Saturday, September 4, 2010

Fibonacci using SQL

An exercise of logic, thinking of solution on-the-fly:

create or replace function generate_fib(_count int) returns table(n numeric)
with recursive fib(cnt, a, b) as
 select 1, 0::numeric, 1::numeric
 union all
 select cnt + 1, b, a + b from fib where cnt <= $1 - 1
select a from fib;

$$ language 'sql';
select n from generate_fib(1000); -- will generate 1,000 fibonacci

It's been a while since I wrote my first fibonacci program in college, it's in Pascal and I wrote it in iterative fashion. What's more real world than applying it to database skills? :) Some SQL recursions are actually tail recursion under-the-hood, and as such, can be straightforwardly written in iterative manner. I believe Postgresql implements this kind of recursion(tail recursion) to an iterative one, that's why it doesn't have any limit(Sql Server recursive SQL limitations comes to mind) with the depth of its recursion. Having said that, here's the iterative version:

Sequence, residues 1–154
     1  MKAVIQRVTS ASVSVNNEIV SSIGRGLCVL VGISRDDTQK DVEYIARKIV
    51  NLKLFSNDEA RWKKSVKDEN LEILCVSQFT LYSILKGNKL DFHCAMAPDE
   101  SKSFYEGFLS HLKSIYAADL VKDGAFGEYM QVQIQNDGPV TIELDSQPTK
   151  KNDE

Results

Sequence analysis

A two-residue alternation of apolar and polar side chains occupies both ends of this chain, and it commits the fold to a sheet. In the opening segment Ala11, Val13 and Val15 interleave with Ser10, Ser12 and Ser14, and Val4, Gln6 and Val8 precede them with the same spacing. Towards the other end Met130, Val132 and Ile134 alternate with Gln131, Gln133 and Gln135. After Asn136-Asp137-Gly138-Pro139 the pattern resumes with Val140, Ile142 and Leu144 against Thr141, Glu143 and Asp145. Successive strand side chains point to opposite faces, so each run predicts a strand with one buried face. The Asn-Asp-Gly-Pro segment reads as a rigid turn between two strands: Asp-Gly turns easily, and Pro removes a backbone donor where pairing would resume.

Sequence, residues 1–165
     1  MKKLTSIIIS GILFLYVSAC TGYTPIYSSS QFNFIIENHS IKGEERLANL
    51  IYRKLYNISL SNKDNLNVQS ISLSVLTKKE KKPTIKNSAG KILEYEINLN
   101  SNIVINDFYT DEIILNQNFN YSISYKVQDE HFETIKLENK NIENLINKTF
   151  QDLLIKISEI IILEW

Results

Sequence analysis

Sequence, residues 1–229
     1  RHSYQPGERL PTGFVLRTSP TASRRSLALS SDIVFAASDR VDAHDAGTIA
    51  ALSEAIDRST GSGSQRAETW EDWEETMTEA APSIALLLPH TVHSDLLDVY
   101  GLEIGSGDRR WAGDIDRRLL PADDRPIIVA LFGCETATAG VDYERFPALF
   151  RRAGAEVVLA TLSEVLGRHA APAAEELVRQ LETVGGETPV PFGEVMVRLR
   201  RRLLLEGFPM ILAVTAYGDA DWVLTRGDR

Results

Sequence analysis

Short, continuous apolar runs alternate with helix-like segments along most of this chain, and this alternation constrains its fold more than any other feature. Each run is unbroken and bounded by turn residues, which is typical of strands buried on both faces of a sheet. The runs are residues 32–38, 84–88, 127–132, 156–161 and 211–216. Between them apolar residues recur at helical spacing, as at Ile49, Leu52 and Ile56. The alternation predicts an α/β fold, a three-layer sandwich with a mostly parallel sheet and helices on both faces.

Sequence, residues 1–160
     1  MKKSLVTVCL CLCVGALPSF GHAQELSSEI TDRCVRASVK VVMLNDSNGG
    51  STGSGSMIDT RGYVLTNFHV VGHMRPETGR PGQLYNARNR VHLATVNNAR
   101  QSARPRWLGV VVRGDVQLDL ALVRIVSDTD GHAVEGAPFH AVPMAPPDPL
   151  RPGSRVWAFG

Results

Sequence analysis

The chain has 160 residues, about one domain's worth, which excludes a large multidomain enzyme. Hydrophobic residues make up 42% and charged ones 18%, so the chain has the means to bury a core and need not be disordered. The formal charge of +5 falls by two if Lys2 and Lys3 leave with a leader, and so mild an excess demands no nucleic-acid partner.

public static void Main (string[] args)
 for(int i  = 0; i < 10; ++i)
    Console.WriteLine ("Hello World! {0} {1}",i, Fibonacci(i));

static int Fibonacci(int r)
 int a = 0,  b = 1;
 while(r-- > 0)
  int n = a;
  a += b;
  b = n;
 return a;

Hello World! 0 0
Hello World! 1 1
Hello World! 2 1
Hello World! 3 2
Hello World! 4 3
Hello World! 5 5
Hello World! 6 8
Hello World! 7 13
Hello World! 8 21
Hello World! 9 34

And off the top of my head(from a very recent activity), here's the recursive version, sans googling:
int Fib(int n)
    if(n == 0 || n == 1)
        return 1;
        return Fib(n - 1) + Fib(n - 2);

If your language allows lazy-loading of list, use this:

Note: Actually, google-fu skills is more important at this age, but having an eidetic rote memory of simple code snippets such as this one sometimes help in some situations even though they are very few and far in between.

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